Special to WorldTribune , April 9, 2020
Commentary by Lee Cohen
When Boris Johnson was in intensive care, Americans from President Donald Trump on down wished him a full and rapid recovery, not only because the Prime Minister, who was born in NYC, is a stalwart friend of the U.S., but because the fate of the head of government of our closest ally and global partner is massively significant to the United States. Johnson’s illness has made a relentlessly difficult time even more anxious.
So far, we know that after testing positive for COVID-19 and self-isolating at his home that Johnson was admitted to London’s St. Thomas hospital on Sunday in intensive care.
Johnson has been moved out of the intensive care unit of a London hospital, a spokesman for the prime minister said Thursday. “The Prime Minister has been moved this evening from intensive care back to the ward, where he will receive close monitoring during the early phase of his recovery,” the spokesman said. “He is in extremely good spirits.”
While there is an office called “Deputy Prime Minister (DPM) of the UK”, it is not analogous to our Vice President role. Specifically, the DPM has no particular constitutional powers or even legal recognition and does not automatically assume the responsibilities of the PM in case of illness or death. The reason for this is that it the British Monarch who technically chooses the PM and therefore, there can be no automatic succession of the type that bypasses the sovereign. Sometimes there is no designated official DPM but the responsibilities are often carried out instead by another senior cabinet official, the first secretary of state.
Neither Theresa May nor Boris Johnson chose to appoint a DPM. Former Brexit Secretary, Foreign Minister, Dominic Raab is the current first secretary of state. With his illness, Johnson has asked Raab as of April 6 to deputize for him. But while promotions are usually welcome, with the pandemic, Raab’s temporary tenure comes at an particularly challenging moment.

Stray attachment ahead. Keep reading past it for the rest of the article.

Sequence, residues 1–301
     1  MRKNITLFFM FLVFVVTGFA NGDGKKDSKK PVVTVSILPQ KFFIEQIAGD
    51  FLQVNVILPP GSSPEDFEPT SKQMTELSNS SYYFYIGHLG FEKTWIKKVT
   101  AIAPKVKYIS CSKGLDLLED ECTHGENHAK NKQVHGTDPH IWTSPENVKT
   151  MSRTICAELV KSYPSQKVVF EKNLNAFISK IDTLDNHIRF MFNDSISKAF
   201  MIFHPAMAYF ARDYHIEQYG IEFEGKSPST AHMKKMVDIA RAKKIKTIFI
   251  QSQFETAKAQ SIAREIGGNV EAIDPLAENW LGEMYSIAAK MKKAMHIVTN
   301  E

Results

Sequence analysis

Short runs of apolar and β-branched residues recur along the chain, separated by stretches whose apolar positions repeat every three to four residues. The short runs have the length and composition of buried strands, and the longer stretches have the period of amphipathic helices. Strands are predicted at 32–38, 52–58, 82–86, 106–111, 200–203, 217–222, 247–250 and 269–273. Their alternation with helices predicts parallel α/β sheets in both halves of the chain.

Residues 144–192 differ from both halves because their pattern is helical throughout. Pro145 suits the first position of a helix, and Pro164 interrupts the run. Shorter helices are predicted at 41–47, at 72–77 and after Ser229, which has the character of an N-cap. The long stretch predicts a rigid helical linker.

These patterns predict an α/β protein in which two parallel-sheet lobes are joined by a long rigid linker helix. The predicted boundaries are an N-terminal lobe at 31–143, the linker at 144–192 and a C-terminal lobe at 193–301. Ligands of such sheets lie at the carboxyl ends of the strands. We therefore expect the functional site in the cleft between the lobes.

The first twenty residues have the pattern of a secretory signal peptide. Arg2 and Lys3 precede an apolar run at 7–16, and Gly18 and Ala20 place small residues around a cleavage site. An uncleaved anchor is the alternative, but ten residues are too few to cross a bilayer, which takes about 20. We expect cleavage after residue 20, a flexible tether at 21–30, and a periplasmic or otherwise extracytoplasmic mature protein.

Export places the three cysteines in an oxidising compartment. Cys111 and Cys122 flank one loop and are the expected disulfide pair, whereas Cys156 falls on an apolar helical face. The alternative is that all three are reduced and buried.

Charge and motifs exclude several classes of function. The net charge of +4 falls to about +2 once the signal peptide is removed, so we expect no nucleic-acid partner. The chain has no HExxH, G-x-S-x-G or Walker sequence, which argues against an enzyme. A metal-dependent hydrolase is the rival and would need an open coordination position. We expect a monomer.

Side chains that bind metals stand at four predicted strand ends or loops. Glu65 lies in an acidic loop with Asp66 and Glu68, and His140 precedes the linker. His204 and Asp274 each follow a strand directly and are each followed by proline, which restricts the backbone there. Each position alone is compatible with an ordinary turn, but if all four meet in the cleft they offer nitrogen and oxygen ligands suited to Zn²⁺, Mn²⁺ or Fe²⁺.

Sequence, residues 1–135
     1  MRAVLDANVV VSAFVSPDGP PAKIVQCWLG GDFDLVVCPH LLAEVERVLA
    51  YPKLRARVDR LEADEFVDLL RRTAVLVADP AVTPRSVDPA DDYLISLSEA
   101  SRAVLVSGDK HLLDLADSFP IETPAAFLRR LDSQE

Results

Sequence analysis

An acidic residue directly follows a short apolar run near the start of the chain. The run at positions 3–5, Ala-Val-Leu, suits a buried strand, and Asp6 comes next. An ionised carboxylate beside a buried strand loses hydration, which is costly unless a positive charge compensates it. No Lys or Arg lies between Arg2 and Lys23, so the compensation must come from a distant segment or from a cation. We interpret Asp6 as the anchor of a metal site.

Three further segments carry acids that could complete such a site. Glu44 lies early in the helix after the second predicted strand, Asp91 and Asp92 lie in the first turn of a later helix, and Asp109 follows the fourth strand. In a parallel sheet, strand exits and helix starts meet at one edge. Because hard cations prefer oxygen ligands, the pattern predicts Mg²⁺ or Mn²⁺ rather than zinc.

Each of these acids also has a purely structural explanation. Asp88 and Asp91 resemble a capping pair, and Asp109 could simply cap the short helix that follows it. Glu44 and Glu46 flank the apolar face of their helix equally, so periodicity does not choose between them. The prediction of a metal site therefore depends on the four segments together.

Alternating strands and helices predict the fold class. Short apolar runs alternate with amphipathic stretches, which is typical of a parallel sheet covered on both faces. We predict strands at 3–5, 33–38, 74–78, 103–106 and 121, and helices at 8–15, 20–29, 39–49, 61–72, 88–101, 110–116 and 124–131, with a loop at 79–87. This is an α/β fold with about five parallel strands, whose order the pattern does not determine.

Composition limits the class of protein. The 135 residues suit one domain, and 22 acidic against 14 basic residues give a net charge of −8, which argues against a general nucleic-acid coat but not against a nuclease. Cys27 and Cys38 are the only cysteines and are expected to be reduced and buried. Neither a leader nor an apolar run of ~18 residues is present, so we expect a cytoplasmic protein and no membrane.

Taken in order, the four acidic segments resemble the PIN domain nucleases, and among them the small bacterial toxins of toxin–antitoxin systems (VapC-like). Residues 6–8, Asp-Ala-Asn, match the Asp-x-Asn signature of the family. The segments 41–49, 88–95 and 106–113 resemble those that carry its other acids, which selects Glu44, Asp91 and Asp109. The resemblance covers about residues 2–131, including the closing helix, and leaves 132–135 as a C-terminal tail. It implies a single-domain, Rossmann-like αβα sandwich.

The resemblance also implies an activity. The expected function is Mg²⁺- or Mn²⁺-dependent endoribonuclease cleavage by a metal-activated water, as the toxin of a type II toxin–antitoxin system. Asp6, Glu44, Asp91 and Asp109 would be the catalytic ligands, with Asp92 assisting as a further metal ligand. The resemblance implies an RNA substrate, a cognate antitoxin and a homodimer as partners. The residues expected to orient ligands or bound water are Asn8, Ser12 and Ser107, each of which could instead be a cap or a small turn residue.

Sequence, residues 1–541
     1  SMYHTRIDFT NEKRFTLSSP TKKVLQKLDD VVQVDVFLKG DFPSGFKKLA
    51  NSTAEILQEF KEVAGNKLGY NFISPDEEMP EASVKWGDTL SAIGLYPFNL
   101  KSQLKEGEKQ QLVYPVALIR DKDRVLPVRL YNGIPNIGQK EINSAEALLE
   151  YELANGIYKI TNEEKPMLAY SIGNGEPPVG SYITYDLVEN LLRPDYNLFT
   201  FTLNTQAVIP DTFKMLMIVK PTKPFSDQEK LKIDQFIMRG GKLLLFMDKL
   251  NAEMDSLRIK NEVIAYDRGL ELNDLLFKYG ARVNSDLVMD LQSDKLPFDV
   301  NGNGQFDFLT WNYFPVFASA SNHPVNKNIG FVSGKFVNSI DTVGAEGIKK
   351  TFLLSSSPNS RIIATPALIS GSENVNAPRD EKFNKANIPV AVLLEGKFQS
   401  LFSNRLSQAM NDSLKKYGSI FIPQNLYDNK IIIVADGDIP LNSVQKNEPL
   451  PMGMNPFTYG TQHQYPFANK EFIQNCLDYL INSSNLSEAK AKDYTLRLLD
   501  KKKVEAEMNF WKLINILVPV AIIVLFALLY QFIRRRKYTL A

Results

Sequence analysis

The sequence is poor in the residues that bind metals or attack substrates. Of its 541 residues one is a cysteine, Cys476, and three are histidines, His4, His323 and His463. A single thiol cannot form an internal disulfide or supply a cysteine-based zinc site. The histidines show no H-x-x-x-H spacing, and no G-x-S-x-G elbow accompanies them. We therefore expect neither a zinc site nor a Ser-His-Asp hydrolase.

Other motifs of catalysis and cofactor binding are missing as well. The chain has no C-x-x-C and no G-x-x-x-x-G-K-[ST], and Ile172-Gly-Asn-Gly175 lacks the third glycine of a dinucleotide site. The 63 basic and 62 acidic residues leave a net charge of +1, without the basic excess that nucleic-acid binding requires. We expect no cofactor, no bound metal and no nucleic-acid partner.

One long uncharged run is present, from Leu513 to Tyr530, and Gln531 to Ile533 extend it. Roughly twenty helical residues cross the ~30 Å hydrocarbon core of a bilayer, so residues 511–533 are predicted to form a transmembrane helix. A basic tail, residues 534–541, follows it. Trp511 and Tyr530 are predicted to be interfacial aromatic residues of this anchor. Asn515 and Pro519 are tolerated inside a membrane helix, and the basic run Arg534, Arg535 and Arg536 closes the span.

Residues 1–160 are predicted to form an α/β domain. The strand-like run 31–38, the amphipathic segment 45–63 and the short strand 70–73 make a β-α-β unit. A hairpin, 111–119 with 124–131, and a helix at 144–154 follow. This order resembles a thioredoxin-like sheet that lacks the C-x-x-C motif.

To add fuel to the fire, as virologists predict the apex of the virus approaching, citizens are getting restless at home and economies are suffering. Some EU nations, for example, Austria, are already contemplating exiting lockdown. Managing return from semi-quarantine is critical to avoiding a resurgence of the virus when people return to circulation. For all of these reasons, it is vitally important that PM Johnson return to health as soon as possible.
For the most part, relations between Johnson and Donald Trump have been extremely warm. During Trump’s State Visit to the UK last June, before the election which put Johnson in No. 10 Downing Street, President Trump told the Sun Newspaper: “I think he is a very good guy, a very talented person. … I think Boris would do a very good job. I think he would be excellent.”
Johnson repaid the compliment during his campaign, saying he wanted to mimic some of the Trump administrations’s “clever” tax cuts. “Look at what Trump is doing,” he shared with members of his fellow Tory Party during a conference call. “They’ve got growth running at 3.6 percent.”
One notable sticking point has arisen in the relationship, however with respect to Johnson’s resolve to go forward to deploy significant equipment form Chinese telecom behemoth, Huawei. The Trump administration has lobbied hard to convince Johnson’s government to abandon Huawei due to national security and espionage risks and has hinted that Huawei could hinder what Trump has forecast to be a “phenomenal” trade deal.
Our strongest global alliance, the U.S.-UK relationship is bound up by enormous bi-lateral trade and critical security and intelligence sharing. But so much depends upon Johnson’s recovery. So much, in fact, that during his Monday coronavirus press conference, President Trump said …” that he had asked therapeutics manufacturers that the U.S. government is dealing with to “contact London immediately”. He added: “We’ve contacted all of Boris’s doctors and we’ll see what takes place — they are ready to go.”
On a hopeful note earlier, First Secretary Raab indicated that Boris Johnson should ‘be back from intensive care soon.’ Paying tribute to the PM, Raab said today: “I’m confident he will pull through because if there is one thing that I know about this prime minister, he is a fighter and he will be back leading us through this crisis in short order.”
Lee Cohen is a fellow of the Danube Institute. He was an adviser on Europe to the U.S. House of Representatives Foreign Affairs Committee and founded the Congressional United Kingdom Caucus.